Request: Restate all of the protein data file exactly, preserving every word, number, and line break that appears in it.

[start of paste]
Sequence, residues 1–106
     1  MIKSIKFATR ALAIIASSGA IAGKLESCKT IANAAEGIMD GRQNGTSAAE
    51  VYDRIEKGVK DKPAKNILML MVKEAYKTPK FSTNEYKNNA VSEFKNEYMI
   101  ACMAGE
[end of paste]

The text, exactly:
Sequence, residues 1–106
     1  MIKSIKFATR ALAIIASSGA IAGKLESCKT IANAAEGIMD GRQNGTSAAE
    51  VYDRIEKGVK DKPAKNILML MVKEAYKTPK FSTNEYKNNA VSEFKNEYMI
   101  ACMAGE